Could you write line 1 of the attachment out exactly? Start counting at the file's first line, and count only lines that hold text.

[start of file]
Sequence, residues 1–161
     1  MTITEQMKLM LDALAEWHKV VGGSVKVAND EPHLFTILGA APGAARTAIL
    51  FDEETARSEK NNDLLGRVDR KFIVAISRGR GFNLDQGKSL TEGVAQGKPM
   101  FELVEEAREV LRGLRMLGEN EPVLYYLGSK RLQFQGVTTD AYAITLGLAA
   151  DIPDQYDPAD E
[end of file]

Sequence, residues 1–161